A flower's seed born a century ago
The novel Daddy-Long-Legs (1912) was born in America. In the novel a girl named Judy who had lived in an orphanage caught the eye of a wealthy man and they made a contract. He would financially support her for the college education and in return she would write a monthly letter to him. This completely changed Judy's life. Though she had lost her parents, she discovered the joy of life for the first time through education and became hopeful about the future. This is truly a story of Cinderella.
Daddy-Long-Legs is the nickname Judy gave to the wealthy man. And the novel Daddy-Long-Legs took the form of her letters to him. When the novel was released, it was an international blockbuster, but now it seems it has become less-known and forgotten in its homeland of America.
The author is a young woman writer, Jean Webster. In those days, when women could usually not attend college, she attended the prestigious Vassar College, the first college to open its doors to women. Student life there became a model for the novel. Webster herself lost her father to suicide and conducted charity work for orphans.
And then, the seed of Daddy-Long-Legs landed in Japan. The essence was inherited in NGO Ashinaga (long-legged). Under the name of Ashinaga (long-legged) Movement, this NGO has been collecting goodwill donation and extending its activities to support orphaned children of car accidents, by suicide, and of natural disasters. So far more than 100,000 children got support of their education from this NGO. It is not exaggeration to say that the founder Yoshiomi Tamai is a modern version of Daddy-Long-Legs.
Amateur acting troupe with a top director
Since 2001, the Ashinaga NGO has been active in the Republic of Uganda, operating a private school named "Rainbow House" on the outskirts of the capital city of Kampara. This school is for AIDS orphans who cannot attend public schools due to extreme poverty.
Soon after, Japanese orphans followed. They themselves are survivors of a tsunami caused by the Great East Japan Earthquake and lost their beloved family members in the disaster.
Their circumstances are woven in and become the subplot of the work. Last are the affluent students in the choir of Vassar College, the alma mater of the author, Jean Webster.
We called it a music concert, but the reality was that lead roles were all amateurs.
It was John Caird, the British stage director, who brought everyone together and turned their performances into an amazing stage. Mr. Caird was awarded the Tony Award twice for Les Miserables and others, and Tamai got to know him through the direction of the musical " Daddy-Long- Legs"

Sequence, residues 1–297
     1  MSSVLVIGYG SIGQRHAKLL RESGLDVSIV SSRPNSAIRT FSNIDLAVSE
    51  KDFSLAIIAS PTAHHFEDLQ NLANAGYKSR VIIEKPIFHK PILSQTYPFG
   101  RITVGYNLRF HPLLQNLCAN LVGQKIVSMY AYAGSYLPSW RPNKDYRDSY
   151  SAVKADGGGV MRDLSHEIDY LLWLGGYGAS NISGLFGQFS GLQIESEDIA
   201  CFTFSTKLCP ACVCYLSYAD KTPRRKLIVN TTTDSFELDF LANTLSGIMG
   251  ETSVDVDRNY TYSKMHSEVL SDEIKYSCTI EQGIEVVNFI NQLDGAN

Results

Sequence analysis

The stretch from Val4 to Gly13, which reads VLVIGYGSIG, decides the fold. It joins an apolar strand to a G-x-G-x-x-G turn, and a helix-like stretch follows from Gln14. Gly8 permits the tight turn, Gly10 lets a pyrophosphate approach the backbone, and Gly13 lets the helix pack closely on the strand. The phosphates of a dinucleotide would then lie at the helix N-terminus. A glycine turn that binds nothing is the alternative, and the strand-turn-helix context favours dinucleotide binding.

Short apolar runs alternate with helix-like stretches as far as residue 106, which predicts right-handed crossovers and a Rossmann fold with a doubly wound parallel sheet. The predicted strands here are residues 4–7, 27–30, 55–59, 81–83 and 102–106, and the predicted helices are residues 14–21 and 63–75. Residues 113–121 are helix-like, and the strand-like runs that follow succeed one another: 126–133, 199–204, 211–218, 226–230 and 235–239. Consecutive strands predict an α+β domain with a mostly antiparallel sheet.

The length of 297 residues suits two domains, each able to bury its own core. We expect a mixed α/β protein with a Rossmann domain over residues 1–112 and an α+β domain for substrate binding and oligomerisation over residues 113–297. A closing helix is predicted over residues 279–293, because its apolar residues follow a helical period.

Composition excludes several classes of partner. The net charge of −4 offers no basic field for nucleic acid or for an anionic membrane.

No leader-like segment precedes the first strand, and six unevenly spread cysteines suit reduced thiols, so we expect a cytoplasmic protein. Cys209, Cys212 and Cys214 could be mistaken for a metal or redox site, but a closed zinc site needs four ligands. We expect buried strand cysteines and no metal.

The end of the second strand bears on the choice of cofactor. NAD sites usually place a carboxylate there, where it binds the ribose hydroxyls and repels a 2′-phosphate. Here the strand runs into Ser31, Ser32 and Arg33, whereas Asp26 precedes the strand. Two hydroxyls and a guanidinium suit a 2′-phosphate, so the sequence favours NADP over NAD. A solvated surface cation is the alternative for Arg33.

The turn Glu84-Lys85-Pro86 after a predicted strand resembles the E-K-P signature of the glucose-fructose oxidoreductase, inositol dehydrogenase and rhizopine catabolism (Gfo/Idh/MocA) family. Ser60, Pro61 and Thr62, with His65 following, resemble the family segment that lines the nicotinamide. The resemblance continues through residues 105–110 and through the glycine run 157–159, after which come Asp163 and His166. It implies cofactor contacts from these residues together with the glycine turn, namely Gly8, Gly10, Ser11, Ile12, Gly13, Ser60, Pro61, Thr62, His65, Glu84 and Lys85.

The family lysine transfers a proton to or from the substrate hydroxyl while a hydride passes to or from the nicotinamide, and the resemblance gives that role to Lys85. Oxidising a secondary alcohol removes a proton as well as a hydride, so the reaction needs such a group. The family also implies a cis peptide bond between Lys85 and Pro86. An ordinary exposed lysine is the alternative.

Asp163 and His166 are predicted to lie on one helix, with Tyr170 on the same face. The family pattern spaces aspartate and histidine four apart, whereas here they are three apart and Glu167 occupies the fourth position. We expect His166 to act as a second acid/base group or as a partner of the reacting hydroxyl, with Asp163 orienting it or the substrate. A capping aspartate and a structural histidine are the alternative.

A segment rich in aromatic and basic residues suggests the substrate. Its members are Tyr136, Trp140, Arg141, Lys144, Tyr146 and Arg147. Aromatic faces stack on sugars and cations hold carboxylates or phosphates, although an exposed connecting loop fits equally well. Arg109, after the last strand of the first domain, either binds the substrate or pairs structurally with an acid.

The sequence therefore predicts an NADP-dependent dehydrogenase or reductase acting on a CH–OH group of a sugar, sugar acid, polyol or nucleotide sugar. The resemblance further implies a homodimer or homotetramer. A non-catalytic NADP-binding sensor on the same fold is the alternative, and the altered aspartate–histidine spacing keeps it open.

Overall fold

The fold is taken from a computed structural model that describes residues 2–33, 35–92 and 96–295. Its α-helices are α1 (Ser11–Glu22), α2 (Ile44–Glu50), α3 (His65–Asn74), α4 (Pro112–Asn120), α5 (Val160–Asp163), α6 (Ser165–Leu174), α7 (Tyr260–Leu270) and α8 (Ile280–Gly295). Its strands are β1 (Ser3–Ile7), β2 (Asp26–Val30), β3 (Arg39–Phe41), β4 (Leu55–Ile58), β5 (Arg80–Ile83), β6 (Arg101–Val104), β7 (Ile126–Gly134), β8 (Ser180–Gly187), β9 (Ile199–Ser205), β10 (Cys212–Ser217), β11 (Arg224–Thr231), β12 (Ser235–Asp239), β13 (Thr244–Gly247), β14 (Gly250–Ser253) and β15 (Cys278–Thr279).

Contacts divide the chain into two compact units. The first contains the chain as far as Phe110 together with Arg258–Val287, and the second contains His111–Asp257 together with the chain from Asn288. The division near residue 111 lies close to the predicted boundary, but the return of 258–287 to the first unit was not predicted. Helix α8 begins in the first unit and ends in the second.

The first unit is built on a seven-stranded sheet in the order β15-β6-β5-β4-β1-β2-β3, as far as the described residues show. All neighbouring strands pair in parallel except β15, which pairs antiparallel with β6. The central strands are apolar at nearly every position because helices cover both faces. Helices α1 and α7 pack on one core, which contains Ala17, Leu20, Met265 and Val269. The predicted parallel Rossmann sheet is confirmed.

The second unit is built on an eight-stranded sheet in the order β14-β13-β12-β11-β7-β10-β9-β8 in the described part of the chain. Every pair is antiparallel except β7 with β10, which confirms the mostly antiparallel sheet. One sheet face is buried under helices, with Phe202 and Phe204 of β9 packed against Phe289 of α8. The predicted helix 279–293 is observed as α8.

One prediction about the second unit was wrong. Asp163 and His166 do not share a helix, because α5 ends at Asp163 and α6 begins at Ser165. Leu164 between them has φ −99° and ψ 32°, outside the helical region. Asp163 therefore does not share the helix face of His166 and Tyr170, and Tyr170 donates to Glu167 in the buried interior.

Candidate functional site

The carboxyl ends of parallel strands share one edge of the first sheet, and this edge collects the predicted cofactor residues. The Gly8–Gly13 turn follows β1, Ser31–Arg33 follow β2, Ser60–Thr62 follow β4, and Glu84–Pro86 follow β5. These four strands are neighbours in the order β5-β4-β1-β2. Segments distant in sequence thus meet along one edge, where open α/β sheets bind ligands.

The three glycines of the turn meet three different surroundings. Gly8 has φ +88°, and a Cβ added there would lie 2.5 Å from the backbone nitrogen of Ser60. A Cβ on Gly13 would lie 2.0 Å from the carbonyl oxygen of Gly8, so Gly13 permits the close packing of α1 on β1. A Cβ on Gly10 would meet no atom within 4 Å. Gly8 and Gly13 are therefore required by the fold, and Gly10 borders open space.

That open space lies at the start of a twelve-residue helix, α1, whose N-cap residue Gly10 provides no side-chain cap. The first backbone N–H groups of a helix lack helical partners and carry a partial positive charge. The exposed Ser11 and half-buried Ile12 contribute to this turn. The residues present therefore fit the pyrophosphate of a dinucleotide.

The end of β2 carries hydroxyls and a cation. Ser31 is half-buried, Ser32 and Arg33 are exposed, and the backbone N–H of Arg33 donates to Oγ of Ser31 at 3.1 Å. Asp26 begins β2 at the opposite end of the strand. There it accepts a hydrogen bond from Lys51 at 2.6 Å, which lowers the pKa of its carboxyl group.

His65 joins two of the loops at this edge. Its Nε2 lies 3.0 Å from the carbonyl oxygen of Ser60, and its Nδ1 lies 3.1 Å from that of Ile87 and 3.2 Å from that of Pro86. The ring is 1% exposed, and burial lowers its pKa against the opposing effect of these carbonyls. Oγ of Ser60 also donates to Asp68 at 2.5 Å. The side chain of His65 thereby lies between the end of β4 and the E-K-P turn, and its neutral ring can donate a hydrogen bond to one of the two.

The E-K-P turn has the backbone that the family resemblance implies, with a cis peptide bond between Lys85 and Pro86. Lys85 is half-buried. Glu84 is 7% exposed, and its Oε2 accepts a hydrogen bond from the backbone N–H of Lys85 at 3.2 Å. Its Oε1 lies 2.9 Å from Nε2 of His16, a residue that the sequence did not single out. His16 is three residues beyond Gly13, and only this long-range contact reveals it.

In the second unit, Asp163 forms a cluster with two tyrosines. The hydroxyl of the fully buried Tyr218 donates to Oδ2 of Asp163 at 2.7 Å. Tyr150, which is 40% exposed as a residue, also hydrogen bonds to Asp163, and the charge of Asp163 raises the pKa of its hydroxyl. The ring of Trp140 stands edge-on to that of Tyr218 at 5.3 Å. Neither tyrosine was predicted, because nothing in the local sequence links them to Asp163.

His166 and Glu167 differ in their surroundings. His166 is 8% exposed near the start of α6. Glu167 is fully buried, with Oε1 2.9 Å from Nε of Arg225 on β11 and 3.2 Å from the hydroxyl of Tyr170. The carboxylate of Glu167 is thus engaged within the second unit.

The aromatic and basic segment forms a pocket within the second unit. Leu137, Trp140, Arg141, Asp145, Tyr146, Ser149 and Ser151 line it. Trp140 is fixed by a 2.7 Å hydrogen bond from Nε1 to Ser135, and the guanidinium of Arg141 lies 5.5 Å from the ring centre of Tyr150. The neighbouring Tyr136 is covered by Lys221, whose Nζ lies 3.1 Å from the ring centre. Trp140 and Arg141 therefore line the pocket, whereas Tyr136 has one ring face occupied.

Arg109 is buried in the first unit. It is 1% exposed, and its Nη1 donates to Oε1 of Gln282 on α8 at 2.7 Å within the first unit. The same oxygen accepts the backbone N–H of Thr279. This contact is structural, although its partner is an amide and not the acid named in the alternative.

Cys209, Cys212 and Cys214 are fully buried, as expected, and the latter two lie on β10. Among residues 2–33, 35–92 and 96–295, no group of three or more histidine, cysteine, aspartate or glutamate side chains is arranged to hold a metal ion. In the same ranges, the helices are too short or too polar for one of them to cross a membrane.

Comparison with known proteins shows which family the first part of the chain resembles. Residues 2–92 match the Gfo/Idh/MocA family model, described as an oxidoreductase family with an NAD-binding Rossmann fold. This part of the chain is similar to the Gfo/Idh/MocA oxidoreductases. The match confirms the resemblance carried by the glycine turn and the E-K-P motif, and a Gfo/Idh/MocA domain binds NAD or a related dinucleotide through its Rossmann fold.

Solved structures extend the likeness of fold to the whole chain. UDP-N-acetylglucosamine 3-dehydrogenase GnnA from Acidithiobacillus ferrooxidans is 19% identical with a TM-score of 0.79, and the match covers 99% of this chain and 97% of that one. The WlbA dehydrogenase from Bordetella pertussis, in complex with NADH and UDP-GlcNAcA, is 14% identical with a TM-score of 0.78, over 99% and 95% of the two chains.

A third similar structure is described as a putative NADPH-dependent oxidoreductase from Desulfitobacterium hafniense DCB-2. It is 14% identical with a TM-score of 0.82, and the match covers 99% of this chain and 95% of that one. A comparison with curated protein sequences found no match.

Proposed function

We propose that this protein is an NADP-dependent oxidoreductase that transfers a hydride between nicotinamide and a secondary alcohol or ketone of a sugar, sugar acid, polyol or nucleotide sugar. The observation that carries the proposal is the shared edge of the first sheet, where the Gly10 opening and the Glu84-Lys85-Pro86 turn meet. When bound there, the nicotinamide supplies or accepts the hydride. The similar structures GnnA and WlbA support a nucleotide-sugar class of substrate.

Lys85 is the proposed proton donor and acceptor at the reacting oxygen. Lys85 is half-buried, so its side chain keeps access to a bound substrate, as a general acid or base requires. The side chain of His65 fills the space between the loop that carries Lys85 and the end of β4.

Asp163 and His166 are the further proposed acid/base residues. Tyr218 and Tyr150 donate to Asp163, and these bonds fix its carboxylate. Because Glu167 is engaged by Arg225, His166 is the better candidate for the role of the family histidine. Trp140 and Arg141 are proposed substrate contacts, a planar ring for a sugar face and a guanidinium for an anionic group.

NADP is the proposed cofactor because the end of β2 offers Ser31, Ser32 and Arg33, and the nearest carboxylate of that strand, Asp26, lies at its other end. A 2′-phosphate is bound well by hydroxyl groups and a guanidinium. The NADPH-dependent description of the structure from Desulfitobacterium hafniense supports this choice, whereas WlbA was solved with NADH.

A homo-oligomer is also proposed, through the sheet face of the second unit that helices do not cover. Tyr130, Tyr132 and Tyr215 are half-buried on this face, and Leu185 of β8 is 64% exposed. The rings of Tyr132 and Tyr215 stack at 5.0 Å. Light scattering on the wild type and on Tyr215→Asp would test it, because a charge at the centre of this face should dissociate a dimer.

Professor Christine Howlett, choral director at Vassar College, was responsible for vocal training; a loving teacher just like Julie Andrews in the movie, The Sound of Music, her deep ties with the kids makes the story more compelling.
Narration is given from the original heroine's viewpoint.
The orphan heroine of the novel, Judy, doesn't know what a family is from the time she's born. After spending a heavy, painful childhood in an orphanage, she acquires the joy and hope of life by receiving higher education through an accidental encounter with Daddy-Long-Legs. The story progresses from the perspective of Judy, who becomes like the orphans' Big Sis.
The English narrator is young Ugandan actress Esther Nakamya. She herself lost her father and lived in abject poverty when she was a child. She had to work desperately to feed her family from her very young age. She is just like a big sister of children now attending Rainbow House. Her own past is somehow overlapping with the film, and she made a great contribution with such loving and caring narration.
The Japanese narrator is actress Misako Konno. She has been a supporter of the Ashinaga Movement for 25 years. She gently encouraged the children, watching over them, just as a mother already in heaven would a beloved child.
The main axis of the story
The United Nations has designated the 49 countries situated in Sub-Saharan- Africa, the area south of the Sahara, as the world's poorest region. AIDS is still prevalent in Africa. Tamai believes that education is the best weapon against poverty and made his resolve to start the "Ashinaga Global Movement" to plant and cultivate the seed of Daddy-Long-Legs, this time in Africa. This is an extraordinary initiative to find potential donors and extend support to orphaned children trapped in despair.
We want them stand on their own feet today and get energy for tomorrow. Speak in your own words about your anger, wish and dream. Sing. Dance. Take a chance. When you express your thoughts and have yourself understood well, you can be liberated from what you are tied up to. And then you can break the mold and make a new start for tomorrow.